Friday Fun Facts- Need Some Credit?

We love credit. We hate credit.

Those plastic cards allow us to get the objects of our desire anytime we want something. Sooner or later the bill arrives and it’s time to pay the piper. Sigh.credit-cards_2007247b

So, when did this idea of credit come around? Who started it? I think you might be surprised to learn about today’s facts.

-1894 B.C., the Babylonians extended credit using carved clay tablets for bartering. If you wanted a fence built, the builder would mark on a tablet what you would owe (let’s say, four chickens and a bucket of grain).

=The Romans refined the process of borrowing and lending.download

-By the time we get to the Middle Ages, the idea of credit was well known and they used “bills of exchange” issued by banks.

-Credit was a popular way of doing business in the 17th to 19th century England. Talleymen sold items on instalment and marked the transactions on a talley stick. (Which is where we get the idea of “tallying up the bill”.)SONY DSC

-The first credit cards appeared in Europe around the 1880s.

-The United States jumped in the 1920s. (But you had to pay your bill in full every month.)

-A man named Frank McNamara, head of a large credit company, was out to dinner in New York in the 1950s. He was terribly embarrassed when he went to pay and discovered he had no cash on him. He and his friends sat there and came up with the idea of the Diners Club card and an empire was born. **This guy wasn’t very smart because he sold out to his partners two years later for only $200,000. Sheesh, makes you wonder how he got to be the head of a large company. He thought it was just going to be a passing fad!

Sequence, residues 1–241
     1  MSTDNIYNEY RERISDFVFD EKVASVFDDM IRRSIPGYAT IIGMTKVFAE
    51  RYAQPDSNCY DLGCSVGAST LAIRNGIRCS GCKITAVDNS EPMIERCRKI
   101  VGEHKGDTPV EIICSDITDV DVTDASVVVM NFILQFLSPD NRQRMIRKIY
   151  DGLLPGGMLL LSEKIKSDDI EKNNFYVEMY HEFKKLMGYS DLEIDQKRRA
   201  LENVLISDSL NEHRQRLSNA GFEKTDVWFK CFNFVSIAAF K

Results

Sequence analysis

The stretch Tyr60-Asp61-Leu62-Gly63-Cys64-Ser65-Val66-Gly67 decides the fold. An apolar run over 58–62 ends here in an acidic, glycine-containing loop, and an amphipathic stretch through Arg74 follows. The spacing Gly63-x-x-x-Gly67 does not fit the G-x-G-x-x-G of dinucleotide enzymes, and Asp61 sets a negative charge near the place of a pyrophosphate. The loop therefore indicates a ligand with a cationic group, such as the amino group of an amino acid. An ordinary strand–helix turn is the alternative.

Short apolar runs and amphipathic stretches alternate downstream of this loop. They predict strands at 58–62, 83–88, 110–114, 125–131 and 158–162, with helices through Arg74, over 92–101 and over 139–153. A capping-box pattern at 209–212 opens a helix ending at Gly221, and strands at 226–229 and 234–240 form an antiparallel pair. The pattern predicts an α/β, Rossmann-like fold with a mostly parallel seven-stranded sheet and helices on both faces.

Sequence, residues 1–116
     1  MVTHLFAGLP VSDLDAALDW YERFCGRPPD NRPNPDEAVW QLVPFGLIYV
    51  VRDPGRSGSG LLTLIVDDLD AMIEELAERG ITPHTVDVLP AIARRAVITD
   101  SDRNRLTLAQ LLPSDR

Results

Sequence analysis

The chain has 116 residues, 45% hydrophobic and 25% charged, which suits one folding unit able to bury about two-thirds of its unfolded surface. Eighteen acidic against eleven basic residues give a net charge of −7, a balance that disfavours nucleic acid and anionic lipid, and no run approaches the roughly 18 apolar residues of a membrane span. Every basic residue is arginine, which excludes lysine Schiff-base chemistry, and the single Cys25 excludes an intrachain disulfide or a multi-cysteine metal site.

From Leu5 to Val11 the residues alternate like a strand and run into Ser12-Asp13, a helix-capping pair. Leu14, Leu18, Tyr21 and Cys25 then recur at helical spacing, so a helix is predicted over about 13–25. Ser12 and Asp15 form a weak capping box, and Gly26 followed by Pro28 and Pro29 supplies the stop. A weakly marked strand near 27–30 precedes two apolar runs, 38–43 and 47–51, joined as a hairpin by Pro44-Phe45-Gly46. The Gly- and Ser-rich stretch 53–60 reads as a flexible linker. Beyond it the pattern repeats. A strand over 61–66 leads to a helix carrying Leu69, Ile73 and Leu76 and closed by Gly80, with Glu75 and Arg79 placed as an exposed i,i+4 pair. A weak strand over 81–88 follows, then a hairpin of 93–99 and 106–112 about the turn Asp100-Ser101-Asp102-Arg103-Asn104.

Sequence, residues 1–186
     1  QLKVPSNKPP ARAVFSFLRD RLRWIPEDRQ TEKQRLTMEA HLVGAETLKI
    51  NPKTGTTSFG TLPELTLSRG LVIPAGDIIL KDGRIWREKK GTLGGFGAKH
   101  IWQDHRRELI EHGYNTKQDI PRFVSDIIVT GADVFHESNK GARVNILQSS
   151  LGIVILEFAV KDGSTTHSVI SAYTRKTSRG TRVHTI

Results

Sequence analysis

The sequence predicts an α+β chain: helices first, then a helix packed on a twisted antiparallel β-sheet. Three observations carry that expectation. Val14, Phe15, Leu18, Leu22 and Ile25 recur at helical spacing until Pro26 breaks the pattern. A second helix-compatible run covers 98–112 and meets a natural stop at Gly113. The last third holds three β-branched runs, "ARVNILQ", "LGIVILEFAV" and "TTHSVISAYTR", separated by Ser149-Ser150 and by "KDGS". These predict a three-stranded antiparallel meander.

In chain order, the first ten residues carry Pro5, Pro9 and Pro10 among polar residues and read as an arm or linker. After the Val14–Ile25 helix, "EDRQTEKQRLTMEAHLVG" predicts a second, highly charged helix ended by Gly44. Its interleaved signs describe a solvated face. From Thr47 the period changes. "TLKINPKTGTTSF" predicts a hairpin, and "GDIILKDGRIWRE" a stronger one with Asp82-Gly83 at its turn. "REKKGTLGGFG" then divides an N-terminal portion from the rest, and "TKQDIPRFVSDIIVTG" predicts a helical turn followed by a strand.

-1958 marked the new age of plastic when American Express and BankAmericard (Visa) was born.

 

3 Responses to Friday Fun Facts- Need Some Credit?

  1. pibarrington says:

    I LOVE this Stacey! Ancient history AND charging in one post!! Thank you!
    Patti

  2. I aim to please! As authors, it’s the details of information we put in our stories that create realistic world building. For instance, Jenn writes pirate romances, she could put in a scene with the talleyman! As a reader, it’s just plain interesting. (And I love to learn about new things- it’s the teacher in me!)
    Thanks for stopping by.

  3. jbrayweber says:

    VERY cool! Thanks for sharing, Stacey!

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